As China maintains its zero-Covid policy, the country has kept infections at bay with their tough restrictions and strict pandemic measures at the moment. However, a recent allegation of a slaughtered dog sparked outcry from Chinese social media and suggests that the measures may have gone way too far.
Due to a new confirmed case of Covid-19 in Xinzhou district of Shangrao, located in the northeast of Jiangxi province, the community had undergone lockdown and residents were quarantined in a nearby hotel that didn't allow pets.
Mrs. Fu, one of the community residents shared in a Chinese social media platform, Weibo, a footage of two PPE-wearing individuals, beating her pet dog to death using iron bars. According to authorities, the health workers were dismissed from their post and had apologized, which only angered people more.
"The government of Shangrao leaves me speechless," one Weibo user writes: "This dog was not even confirmed of having Covid19. Nevertheless, they just beat him to death. How can you be so cruel?!"
Anti-epidemic workers in an 'anti-epidemic mission'
While it was said that residents were instructed to leave their apartment doors open for disinfection, Mrs. Fu claims she had hers locked, but was still forcedly entered by workers with police assistance and did more than just 'disinfecting'.
"Without the instructions of the leaders above, who would dare to pry the door and kill the dog?" said one commenter.
In an English-language version article from Global Times, a writer described the situation as "a staffer who culled a pet dog during anti-epidemic mission," and "gave harmless disposal on a pet dog without having fully communicated with the pet owner", which garnered backlash for the misleading emphasis on anti-epidemic policies and "humane" treatment of animals.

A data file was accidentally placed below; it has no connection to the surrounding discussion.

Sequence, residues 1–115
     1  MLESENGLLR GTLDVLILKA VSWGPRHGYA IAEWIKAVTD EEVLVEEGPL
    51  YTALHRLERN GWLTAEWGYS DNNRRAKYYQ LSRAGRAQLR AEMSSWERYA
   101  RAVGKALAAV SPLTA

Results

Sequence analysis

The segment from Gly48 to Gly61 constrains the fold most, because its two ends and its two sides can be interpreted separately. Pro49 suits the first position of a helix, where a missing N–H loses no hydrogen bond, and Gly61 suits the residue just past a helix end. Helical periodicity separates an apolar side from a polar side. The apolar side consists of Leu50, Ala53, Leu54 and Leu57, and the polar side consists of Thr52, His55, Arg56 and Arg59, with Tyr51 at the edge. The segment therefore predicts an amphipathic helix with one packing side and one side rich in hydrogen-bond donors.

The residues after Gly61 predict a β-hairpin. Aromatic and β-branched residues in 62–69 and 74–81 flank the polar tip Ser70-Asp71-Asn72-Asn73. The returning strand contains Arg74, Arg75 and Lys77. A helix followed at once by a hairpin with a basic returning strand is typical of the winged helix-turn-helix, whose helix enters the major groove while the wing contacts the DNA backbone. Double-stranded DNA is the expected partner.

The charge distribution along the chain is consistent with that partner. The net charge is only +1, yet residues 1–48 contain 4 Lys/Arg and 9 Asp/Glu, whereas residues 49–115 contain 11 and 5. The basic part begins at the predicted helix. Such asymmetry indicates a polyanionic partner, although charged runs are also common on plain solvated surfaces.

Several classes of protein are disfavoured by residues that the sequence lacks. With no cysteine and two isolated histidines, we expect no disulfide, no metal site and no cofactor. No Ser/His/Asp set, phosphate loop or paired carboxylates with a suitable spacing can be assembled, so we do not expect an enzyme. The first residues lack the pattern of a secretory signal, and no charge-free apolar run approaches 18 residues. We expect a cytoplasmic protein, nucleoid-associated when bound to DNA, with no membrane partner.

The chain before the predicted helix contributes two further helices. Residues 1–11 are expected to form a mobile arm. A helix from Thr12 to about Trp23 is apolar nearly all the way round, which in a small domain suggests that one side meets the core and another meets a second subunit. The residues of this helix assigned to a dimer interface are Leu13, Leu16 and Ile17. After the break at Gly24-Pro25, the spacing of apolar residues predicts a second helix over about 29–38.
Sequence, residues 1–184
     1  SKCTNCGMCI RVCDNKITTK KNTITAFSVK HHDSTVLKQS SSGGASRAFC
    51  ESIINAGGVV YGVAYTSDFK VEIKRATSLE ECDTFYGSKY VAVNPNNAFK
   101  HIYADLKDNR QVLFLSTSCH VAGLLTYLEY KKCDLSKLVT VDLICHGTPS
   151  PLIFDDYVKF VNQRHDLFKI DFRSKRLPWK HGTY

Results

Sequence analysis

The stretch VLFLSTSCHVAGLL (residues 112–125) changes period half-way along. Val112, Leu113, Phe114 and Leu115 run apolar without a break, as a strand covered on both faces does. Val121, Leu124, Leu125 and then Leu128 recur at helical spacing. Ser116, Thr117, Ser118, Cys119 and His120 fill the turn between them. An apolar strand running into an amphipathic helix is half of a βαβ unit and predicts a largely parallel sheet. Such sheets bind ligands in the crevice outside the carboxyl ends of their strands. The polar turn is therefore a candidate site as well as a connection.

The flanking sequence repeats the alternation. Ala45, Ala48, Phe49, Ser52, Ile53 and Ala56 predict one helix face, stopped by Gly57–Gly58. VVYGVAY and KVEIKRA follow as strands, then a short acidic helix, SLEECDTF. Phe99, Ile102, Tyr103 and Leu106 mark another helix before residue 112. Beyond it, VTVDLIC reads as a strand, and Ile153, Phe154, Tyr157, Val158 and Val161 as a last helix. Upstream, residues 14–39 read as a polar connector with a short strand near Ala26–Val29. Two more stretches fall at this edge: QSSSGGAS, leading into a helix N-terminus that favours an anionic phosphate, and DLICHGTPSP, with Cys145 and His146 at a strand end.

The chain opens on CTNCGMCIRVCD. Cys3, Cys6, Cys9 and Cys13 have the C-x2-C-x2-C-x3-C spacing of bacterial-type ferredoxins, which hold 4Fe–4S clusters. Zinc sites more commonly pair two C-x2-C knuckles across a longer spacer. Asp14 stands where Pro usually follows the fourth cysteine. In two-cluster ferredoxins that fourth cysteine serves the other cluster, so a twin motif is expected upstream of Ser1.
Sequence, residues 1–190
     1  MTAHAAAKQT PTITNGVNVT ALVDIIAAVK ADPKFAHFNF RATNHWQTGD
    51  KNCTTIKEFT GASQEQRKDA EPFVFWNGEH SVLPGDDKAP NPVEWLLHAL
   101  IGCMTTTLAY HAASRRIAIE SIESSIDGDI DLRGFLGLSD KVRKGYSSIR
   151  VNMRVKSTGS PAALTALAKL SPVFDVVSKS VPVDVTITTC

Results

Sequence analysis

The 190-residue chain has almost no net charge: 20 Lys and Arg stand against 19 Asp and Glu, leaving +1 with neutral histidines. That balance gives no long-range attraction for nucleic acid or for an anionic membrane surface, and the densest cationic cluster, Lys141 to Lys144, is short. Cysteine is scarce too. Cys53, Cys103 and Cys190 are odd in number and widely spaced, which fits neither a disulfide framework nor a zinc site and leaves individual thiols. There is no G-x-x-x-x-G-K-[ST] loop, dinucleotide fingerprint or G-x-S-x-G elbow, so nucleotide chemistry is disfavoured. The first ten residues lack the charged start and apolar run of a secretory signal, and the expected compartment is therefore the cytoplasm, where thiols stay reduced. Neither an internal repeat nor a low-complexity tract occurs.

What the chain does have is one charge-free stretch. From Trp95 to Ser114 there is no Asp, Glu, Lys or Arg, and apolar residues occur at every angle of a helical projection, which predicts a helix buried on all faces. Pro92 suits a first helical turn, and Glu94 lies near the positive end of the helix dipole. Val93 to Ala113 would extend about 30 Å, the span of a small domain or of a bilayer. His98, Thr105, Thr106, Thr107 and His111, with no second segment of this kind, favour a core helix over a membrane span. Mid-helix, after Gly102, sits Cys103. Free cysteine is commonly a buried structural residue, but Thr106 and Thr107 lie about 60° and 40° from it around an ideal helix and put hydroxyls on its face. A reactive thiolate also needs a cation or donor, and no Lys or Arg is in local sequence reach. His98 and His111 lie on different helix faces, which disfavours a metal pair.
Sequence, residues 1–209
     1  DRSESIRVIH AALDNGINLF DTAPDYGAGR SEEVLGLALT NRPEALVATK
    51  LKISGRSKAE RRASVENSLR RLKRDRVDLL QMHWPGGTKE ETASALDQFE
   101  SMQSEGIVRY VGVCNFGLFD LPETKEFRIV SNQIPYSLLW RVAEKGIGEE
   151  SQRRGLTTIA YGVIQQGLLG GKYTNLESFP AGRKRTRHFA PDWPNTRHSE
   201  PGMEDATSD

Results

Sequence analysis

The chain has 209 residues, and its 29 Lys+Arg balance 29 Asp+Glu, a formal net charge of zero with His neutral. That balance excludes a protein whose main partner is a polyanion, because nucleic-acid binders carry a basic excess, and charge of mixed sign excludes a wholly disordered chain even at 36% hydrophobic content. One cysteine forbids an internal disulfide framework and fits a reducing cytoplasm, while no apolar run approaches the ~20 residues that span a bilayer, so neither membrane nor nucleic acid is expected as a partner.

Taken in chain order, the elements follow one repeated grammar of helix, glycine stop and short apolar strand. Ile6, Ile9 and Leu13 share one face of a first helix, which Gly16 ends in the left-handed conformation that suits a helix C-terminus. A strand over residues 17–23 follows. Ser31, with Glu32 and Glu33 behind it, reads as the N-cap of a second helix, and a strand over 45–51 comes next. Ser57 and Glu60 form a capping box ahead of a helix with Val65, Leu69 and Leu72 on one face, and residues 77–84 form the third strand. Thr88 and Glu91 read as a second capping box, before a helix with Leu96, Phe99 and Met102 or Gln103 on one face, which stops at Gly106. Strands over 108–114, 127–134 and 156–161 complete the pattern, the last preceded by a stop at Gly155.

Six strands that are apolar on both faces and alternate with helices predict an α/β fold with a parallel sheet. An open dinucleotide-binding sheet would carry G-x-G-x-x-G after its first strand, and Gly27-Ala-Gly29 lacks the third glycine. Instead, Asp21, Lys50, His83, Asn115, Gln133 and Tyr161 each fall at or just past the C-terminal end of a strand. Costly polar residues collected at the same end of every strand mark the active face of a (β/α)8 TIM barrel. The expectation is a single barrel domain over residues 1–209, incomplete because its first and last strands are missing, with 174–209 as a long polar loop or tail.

"Don't you think you're laughable? You have some nerve to report on this like this," one commented.
An overreaction in battling the outbreak
A similar case earlier this month where three pet cats that tested positive for Covid-19 were euthanized in the Chinese city of Harbin, also received negative comments about health officials' "overreaction" on a pet infection that was not even conclusive.
"Emergency measures such as hunting and killing should not be taken. The relevant unit has no evidence to prove that these pets have been infected," said An Xiang, director of a Beijing law firm, on Weibo.
These events left pet owners in fear and confusion about laws and official processes of such measures.
Meanwhile, community health workers responded that there's no treatment available for animals and euthanasia was the only option. "If the animal tests positive, then they cannot move back and the whole residential area could not move back, the outbreak will never end," the worker said.
As China continues to chase a zero-Covid-19 strategy, complaints are on the rise as people grew tired of the 'rough, one-size-fits-all treatment' from local government and health workers in containing the outbreak, including the bad treatment of pets, which they find excessive.
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